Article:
On November 6, 2019, parents of the missing kids, sat at the foothills of Khudiram Bose’s statue in Silchar and said they are going on hunger strike and will only eat after their kids are found. Reportedly, Dy. SP-Cachar, AJ Baruah met the protesting parents and requested to allow the department 20 more days. Well, the 20th day is tomorrow and we are yet to get an update on the siblings. Several associations warned that they would call for massive agitation if the kids are not found. This reminds of the American writer and a leader of the abolitionist movement, Frederick Douglas’s quote, “Where justice is denied, where poverty is enforced, where ignorance prevails, and where any one class is made to feel that society is an organised conspiracy to oppress, rob and degrade them, neither persons nor property will be safe.”


This is not the first time the Police have either ignored or failed to solve a missing case. While solving the same case, Cachar Police was sublime with the rich and sorry with the poor. The case in question is the famous, Trisha Roy Choudhury-kidnapping case of 2017. Why famous? Because chief minister Sarbananda Sonowal, the most important person of the State personally tweeted about the case. His tweet read, ” Congratulations to Assam Police for successfully rescuing the 3-year-old girl, who was kidnapped from Assam University campus.” Not only CM, MLA Sonai and now the deputy speaker of Assam, Aminul Haque Laskar too announced a bounty of Rs 2 lakh for anyone who finds Trisha. Any kid abducted must return to their parents and there is no doubt that those 80-hours would have felt like a year-long-nightmare for the Roy Choudhury couple. However, it has been more than 150 days, Sunadhan and Sombala Das have not seen their kids, they are poor but not inhuman, they too have heart and we can imagine what they have been going through.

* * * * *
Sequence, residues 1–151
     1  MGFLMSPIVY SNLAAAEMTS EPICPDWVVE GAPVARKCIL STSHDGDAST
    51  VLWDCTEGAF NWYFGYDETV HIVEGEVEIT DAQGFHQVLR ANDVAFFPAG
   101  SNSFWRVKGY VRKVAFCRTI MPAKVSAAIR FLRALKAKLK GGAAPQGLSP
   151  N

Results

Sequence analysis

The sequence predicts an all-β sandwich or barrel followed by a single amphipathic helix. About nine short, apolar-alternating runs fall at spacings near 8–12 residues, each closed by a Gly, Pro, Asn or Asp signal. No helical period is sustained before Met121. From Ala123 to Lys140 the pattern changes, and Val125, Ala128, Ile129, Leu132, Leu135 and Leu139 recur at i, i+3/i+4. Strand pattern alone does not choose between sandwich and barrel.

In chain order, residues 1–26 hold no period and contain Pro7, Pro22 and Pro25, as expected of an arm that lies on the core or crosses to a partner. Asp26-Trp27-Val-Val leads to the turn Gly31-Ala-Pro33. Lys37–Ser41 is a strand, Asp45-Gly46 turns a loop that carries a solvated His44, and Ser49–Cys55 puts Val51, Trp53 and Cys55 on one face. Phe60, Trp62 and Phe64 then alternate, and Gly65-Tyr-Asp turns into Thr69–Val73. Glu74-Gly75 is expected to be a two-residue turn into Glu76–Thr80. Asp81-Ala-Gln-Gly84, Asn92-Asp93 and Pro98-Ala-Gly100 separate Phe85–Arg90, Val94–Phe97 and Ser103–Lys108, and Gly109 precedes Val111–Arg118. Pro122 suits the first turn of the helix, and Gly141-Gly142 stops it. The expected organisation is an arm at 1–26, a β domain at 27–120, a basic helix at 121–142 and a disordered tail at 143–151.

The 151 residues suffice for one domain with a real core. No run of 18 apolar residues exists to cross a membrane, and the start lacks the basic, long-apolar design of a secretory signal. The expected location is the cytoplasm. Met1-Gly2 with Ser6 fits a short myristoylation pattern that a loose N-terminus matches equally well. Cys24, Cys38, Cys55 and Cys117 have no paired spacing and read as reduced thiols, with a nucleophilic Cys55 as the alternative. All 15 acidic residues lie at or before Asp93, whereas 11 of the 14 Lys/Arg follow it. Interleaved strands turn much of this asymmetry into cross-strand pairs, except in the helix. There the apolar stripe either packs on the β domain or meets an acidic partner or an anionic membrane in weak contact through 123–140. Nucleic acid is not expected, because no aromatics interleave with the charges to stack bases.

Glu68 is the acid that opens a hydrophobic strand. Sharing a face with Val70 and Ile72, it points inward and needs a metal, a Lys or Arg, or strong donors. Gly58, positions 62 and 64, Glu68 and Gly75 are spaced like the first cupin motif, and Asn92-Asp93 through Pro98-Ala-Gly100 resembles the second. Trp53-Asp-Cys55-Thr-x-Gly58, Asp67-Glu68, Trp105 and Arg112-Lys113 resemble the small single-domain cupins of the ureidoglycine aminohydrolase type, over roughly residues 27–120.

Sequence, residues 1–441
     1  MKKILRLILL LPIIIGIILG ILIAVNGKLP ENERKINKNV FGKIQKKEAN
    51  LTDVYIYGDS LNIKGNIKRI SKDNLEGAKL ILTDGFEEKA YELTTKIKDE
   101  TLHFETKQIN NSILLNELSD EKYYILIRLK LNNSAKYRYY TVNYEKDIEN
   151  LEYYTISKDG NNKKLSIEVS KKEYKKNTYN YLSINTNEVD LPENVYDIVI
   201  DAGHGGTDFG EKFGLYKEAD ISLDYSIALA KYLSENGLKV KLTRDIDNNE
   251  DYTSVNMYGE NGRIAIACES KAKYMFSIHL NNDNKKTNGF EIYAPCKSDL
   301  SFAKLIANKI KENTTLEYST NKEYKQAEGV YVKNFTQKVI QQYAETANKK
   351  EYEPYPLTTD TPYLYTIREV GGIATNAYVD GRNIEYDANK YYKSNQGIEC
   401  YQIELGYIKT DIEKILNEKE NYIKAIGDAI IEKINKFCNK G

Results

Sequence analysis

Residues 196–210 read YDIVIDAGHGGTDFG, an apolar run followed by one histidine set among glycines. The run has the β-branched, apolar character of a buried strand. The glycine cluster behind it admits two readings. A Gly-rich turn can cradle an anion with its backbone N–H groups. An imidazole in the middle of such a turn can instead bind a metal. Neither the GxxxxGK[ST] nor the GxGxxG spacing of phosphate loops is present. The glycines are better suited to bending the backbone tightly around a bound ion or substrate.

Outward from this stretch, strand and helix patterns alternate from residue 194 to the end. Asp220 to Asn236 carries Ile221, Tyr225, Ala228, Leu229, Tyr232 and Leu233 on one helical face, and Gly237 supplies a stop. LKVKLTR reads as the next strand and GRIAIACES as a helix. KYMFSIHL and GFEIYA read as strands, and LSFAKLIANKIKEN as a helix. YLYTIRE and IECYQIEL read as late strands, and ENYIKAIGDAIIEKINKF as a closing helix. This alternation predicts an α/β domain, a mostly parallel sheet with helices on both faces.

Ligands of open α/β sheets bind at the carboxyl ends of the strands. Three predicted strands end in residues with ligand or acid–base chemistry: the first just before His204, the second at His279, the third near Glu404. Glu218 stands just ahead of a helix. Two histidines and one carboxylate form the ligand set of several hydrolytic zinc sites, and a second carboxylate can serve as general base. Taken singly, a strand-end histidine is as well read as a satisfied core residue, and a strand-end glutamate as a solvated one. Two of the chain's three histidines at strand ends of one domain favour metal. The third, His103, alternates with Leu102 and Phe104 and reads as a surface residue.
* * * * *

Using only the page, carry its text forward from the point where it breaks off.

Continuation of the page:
Chief Minister Sarbananda Sonowal’s tweet congratulating Assam Police


Trisha Roy Choudhury was found within 80 hours. Daughter of Assam University faculties Subhadeep and Shatabhisha Roy Choudhury, Trisha was reportedly kidnapped by their maid Neha Bagti on June 5, 2017, from their quarter in Assam University Silchar. While deservingly, Police got a lot of credit for rescuing Trisha, it is yet to trace the alleged kidnapper and prime suspect Neha Bagti. A single breadwinner of the family, Neha is a resident of the Dargakona area. As per reports, she was seen escorting Trisha to a white car which was allegedly used by the kidnappers. Trisha was found in a Salon in Meghalaya’s Khliehriat where the kidnappers allegedly got her to give her a “boy-cut” and that is when she started crying. SP EJH, Spill Thamar confirmed the news of Trisha’s rescue and said, “The girl was abandoned by kidnappers at a barber’s shop in the district headquarter on Saturday afternoon. When the little girl started crying, the public became wary and informed the police. The scared little girl couldn’t even say a word and she wouldn’t stop crying, She is currently under police care.”